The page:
Guduru district (2474 km2) is the third largest district in East Wellega zone bordering West Shewa in the east, Jimma Horro and Abay Chomen in the west, Amhara Regional State in the north and West Shewa and Jimma Rare in the south. Kombolcha is the administrative center of the district. A sub-tropical (W/Dega) Climate covers most of the district. The highest peak is Habib mountain with an altitude of 2430m. Rivers of the district are Abune, Boye, Asendabo, Gebete, Korke, Kersa, Imbabo and Dede wata. Most of them flow to Guder, Abay and Fincha’a rivers. The three types of soils are Nitosols, Eutric Cambisols and Arenosols. The district has no natural and man-made forests, except the bushes and shrubs in lowland areas of Abay and Guder valleys. The district had no parks, reserved areas or sanctuaries for wildlife conservation.
The total population of Guduru district in 1997 was 116,099, of which 4526 (53.8% females) were urban and 111,573 (50.3% females) were rural. The crude population density was about 47 persons per km2.
The cultivable land in Guduru district was 53.8% of the district, while grazing land and vegetation cover were 15.3% and 14.3% respectively. There were 36 Farmers’ Associations in Guduru district with 14,036 member farmers. The 15 Service Cooperatives had 12,898 member farmers. The major crops are teff, wheat, barley, maize, millet and sorghum from cereals, horse beans and peas from pulses, and Niger seeds, lentils and rape seeds from oil crops. From 53,492 hectares of different annual crops, 408,677 quintals were produced. The first three leading crops in production were teff, maize, and Niger seed. About 35.7% of the farmers had no farm oxen in the indicated year.[when?] Regarding agricultural inputs, 19,719 quintals of fertilizers, 186 quintals of improved seeds and 230 litres of herbicides were distributed to farmers in Guduru. The district had 133,817 cattle, 20,957 sheep, 23,259 goats, 7972 equines and 37,079 poultry.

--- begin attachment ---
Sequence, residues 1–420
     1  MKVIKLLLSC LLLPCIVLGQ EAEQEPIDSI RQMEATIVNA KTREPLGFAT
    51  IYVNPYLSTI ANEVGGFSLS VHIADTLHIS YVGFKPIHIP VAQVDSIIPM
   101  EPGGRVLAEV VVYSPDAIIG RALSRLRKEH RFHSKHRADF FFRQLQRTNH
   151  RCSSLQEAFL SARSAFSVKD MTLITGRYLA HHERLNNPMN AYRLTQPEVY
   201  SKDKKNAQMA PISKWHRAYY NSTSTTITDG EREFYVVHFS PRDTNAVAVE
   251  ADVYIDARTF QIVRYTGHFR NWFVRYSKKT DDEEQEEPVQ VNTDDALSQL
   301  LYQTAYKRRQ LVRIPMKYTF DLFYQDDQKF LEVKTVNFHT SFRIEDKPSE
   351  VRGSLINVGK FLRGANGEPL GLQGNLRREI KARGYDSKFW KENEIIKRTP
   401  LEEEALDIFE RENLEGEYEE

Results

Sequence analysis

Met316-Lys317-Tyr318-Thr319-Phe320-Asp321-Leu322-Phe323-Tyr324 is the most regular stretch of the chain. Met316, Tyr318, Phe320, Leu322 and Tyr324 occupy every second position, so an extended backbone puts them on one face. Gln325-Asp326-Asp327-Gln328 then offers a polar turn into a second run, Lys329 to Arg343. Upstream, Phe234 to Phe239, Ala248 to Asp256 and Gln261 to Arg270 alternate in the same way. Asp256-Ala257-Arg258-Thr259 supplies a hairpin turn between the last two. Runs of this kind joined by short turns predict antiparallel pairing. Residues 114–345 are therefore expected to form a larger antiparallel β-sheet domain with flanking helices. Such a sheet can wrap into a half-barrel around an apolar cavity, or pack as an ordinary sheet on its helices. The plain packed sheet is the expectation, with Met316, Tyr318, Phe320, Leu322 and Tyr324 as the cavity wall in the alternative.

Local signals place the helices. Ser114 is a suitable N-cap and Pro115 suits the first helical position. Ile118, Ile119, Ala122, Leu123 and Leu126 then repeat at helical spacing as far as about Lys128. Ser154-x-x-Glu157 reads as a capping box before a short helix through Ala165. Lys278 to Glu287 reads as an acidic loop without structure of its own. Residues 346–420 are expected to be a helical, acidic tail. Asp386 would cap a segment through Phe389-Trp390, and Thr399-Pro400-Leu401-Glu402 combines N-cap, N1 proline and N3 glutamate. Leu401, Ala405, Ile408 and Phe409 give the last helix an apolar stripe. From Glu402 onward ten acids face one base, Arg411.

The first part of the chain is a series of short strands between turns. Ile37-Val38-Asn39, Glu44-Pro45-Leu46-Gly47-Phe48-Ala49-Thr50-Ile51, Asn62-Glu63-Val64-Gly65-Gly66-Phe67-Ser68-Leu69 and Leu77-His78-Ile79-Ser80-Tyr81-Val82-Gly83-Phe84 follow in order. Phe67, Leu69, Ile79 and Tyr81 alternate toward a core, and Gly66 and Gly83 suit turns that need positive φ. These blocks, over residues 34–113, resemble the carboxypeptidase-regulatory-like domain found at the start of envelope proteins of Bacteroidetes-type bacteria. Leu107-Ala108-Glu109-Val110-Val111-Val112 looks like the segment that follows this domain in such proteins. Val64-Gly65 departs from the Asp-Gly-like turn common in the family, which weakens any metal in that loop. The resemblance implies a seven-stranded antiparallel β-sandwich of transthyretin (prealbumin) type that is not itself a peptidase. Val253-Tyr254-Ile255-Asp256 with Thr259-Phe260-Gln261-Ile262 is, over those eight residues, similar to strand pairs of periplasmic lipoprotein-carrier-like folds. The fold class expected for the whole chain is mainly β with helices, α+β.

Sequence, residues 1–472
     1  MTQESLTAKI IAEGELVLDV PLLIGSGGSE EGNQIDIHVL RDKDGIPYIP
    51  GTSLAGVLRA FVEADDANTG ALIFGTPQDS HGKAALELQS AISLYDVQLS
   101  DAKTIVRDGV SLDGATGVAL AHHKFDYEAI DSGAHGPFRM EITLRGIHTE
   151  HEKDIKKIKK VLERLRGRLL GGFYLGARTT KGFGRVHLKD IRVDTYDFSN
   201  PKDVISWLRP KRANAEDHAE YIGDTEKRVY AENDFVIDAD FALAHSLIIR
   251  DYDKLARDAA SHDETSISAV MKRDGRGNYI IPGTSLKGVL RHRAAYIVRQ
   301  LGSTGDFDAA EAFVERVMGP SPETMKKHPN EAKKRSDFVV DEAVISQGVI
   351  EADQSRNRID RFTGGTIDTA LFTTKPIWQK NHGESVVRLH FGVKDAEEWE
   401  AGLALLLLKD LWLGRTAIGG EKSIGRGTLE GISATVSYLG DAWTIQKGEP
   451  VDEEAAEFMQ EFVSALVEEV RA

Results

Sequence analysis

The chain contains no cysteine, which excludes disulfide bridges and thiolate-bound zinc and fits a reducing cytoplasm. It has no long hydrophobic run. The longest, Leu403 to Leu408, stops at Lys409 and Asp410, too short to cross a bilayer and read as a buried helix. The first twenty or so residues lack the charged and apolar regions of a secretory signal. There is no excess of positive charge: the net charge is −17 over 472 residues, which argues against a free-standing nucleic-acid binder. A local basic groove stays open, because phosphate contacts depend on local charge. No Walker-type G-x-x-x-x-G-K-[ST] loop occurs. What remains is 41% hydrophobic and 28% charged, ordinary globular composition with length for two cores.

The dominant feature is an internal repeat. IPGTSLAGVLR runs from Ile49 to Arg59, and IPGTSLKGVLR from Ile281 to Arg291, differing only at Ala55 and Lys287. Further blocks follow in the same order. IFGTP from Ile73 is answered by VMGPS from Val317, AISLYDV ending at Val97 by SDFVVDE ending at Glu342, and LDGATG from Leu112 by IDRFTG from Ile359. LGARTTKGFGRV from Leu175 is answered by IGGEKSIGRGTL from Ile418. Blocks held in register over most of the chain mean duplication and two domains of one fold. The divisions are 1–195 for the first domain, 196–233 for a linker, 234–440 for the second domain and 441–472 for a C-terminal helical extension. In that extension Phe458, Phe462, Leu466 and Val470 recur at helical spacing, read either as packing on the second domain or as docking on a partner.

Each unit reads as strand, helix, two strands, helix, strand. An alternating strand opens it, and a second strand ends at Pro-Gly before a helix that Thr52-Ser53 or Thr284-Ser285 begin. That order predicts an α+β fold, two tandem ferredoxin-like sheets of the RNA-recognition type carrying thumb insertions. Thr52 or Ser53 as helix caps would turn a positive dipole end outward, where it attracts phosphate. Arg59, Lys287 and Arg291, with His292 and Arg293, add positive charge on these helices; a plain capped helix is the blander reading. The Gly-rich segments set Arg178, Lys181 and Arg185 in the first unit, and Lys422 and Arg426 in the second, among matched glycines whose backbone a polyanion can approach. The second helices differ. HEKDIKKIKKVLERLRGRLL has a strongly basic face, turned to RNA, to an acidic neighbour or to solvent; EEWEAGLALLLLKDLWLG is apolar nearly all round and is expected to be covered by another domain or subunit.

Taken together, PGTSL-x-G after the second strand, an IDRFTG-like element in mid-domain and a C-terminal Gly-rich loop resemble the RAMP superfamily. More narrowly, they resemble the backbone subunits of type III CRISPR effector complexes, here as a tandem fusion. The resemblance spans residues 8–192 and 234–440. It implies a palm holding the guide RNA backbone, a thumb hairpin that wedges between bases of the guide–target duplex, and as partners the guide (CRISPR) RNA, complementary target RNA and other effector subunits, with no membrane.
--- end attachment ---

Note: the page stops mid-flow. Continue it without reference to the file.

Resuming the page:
Mining and industry
No detail studies have been made regarding mineral resources of the district. However, some reports indicate that mineral water and construction materials such as gravel are available in the district. The district had 27 grain mills and 3 oil mills. There were no other types of industries in the district except these small scale industries.
Trade and tourism
The local cash crops are Niger seed and rape seed. These oil seeds are supplied to the central market in large quantities. About 1794 hides and 20,333 skins (number) were sent to the central market. In Guduru district, there are some tourist attraction sites such as Kersedi Fall, Degago Fall, Loya Cave and historical site of Imbabo Battle Field.
About 30 km of all weather and 30 km of dry weather roads were available in the district, but there were no telephone and postal services. Similarly, there were no banks and insurance organizations. About 12.6% of the district’s population had access to potable water supply. The district gets electricity from a diesel generator with interruptions most of the time despite the location of the district closer to Fincha’a hydro electric power station. The district had no fuel station. Guduru district had 18 elementary and 3 junior secondary schools with 6161 students (18.8% females) and 153 teachers (9.8% females). The dropouts were 15.6% of the total student population in the district. There were 15 health assistants working in the 7 governmental and one non-governmental clinics in the district. The district had also 3 animal health posts and one animal health assistant, but no animal health clinic.
Problems and potentialities
No detailed information could be available regarding problems and potentialities of Guduru district. However, shortage of farmland in areas taken by the expansion of Fincha’a lake and insufficient veterinary services have been reported. As of potentialities, the flat land surface of the district is suitable for mechanized agriculture.
- Census 2007 Tables: Oromia Region, Tables 2.1, 2.4, 2.5, 3.1, 3.2 and 3.4.